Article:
Ms Perry spoke out in support of the controversial fossil fuel technology, claiming shale gas extraction was needed to ensure the country is not dependent on gas from Russia.
However, this appears to contradict previous statements she made, which saw her claim that Britain was “in no way reliant” on Russian gas.
Official figures from the Department for Business, Enterprise and Industrial Strategy (BEIS) show that less than 1 per cent of the UK’s gas supply comes from Russia.
But in an interview with The Times over the weekend, Ms Perry said environmentalists who want to block fracking are unrealistic in their ambition to switch to 100 per cent renewables now.
“What are they going to cook their kids’ tea on? It’s likely to be gas and do we actually want to be reliant on Mr Putin for our gas supply?” she said.
To avoid reliance on Russian supplies she wanted to exploit the shale gas “that’s right beneath our feet”, she added.
She echoed this sentiment in a recent Westminster debate when she responded to a question about public support for fracking by saying many people understand that in light of the Salisbury poisoning “actually being reliant on foreign energy sources is not the right place to be”.
In an article published in The Sun in May, Ms Perry also claimed that as North Sea reserves decline the UK must import more of its gas.
“Although we are in no way reliant on Russian gas despite what the Russians would have you believe,” she wrote.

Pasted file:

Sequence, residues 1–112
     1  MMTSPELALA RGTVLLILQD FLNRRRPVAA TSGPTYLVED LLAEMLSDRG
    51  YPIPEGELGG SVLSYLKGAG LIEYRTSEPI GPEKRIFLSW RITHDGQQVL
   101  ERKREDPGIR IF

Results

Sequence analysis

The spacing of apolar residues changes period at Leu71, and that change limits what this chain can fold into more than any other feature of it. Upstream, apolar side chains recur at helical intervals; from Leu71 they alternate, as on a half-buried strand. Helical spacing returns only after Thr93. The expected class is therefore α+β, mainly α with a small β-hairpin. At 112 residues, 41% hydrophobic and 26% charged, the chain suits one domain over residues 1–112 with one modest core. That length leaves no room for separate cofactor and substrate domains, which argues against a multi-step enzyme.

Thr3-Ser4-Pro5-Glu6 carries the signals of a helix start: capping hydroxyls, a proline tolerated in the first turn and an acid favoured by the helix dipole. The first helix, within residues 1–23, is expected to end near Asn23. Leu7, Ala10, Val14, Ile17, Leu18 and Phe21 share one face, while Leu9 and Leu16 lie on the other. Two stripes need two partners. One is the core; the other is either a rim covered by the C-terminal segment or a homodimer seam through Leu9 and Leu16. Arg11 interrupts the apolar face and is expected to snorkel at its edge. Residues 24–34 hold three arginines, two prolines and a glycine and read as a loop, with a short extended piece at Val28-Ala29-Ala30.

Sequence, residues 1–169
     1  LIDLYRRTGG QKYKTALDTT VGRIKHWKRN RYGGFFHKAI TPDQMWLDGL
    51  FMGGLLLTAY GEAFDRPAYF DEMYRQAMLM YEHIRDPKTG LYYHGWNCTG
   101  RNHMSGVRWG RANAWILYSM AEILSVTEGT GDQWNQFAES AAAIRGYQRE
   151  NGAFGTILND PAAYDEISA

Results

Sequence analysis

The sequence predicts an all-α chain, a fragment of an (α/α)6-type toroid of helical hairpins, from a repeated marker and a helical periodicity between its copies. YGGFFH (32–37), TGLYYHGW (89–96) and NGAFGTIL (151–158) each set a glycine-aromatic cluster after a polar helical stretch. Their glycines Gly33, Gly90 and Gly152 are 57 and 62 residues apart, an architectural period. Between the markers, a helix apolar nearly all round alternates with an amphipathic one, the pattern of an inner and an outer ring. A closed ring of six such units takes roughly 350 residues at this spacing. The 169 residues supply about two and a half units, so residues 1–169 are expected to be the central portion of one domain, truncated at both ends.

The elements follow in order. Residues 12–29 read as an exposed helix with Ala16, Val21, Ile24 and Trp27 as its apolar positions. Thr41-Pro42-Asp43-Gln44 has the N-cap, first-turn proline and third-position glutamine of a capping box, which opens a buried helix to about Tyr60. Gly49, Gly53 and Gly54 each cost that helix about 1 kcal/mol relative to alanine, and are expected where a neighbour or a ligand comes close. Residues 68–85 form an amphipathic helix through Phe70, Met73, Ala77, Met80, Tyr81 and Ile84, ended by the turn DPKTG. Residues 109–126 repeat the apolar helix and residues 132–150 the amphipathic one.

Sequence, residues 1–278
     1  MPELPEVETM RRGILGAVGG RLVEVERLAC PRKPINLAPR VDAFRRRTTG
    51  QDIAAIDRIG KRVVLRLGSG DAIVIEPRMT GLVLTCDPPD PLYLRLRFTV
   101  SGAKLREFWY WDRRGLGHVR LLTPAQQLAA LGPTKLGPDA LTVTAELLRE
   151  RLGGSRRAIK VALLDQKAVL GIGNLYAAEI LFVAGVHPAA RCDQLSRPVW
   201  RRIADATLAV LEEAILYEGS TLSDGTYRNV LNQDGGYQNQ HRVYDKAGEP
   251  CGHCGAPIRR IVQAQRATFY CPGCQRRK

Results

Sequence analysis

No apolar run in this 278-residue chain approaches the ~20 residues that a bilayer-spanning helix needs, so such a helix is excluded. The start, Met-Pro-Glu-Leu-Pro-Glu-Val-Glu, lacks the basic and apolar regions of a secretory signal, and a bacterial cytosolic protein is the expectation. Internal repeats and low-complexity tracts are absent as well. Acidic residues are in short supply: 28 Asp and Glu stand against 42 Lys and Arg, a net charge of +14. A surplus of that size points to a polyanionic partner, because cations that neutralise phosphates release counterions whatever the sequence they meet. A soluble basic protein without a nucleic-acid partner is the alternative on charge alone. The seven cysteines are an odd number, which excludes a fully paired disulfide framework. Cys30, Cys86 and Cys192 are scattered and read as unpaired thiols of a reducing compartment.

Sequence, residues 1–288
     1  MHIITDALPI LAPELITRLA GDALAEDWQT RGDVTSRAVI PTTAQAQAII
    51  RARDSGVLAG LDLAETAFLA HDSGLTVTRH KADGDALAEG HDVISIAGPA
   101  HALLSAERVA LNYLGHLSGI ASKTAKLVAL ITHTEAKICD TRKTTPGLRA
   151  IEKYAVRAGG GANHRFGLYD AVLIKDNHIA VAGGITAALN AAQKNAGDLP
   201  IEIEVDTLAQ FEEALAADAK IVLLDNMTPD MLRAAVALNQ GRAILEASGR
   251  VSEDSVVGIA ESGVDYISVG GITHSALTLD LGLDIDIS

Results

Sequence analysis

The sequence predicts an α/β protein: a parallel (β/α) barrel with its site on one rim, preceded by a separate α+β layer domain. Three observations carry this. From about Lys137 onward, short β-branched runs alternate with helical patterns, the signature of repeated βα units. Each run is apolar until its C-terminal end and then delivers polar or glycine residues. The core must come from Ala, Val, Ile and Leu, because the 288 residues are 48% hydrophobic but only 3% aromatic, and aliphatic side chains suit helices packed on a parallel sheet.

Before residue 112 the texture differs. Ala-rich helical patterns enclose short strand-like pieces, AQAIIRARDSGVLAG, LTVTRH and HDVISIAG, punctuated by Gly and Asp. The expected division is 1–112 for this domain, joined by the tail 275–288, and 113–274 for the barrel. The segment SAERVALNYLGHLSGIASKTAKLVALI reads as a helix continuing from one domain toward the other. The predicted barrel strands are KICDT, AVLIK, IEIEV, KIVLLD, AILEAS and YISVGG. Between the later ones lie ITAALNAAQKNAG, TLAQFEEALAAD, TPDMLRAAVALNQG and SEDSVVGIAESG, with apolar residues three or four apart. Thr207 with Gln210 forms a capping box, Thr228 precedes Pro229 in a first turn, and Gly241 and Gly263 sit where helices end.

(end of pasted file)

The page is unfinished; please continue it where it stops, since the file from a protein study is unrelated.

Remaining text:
Responding to the energy minister’s comments, the Campaign to Protect Rural England (CPRE) said they did not chime with her previous position on British gas supplies.
Daniel Carey-Dawes, senior infrastructure campaigner at CPRE said: “Using the threat from Russia to justify the UK’s investment in fracking, against the wishes of local communities and advice of leading climate scientists, is an unhelpful diversion from the real issues at stake."
Most gas imported to the UK comes from Norway, and a report from BEIS on gas security states that Britain benefits from a “system built on supply diversity”.
“As the minister’s conflicting statements demonstrate, the case for fracking is muddled,” said Mr Carey-Dawes. “Fracking risks industrialising the countryside against the wishes of local communities, and the Government’s plans to fast-track fracking will deny those communities the right to have their say. These proposals must be dropped.”
The Independent has contacted Ms Perry for comment, but had not heard back at the time of publication.
Opponents of fracking say if it rolled out across England it will cause damage to local environments, while locking the UK in to a future of fossil fuel production at a time when cutting carbon emissions is key to avoiding the worst effects of climate change.
BEIS has not made any estimates on the proportion of gas demand that could be met using UK fracking wells. However, independent analysis commissioned by Friends of the Earth found that more than 6,000 wells would be needed to replace half of all gas imports.
This week has seen fracking operations begin in England for the first time in seven years, amid protests by local groups in Lancashire.
Earlier this week three anti-fracking campaigners were freed from prison on appeal after their sentences were ruled “manifestly excessive”.
Support for fracking stands at 18 per cent, but Ms Perry has urged the public to trust the science-led exploration of the UK’s shale gas reserves.
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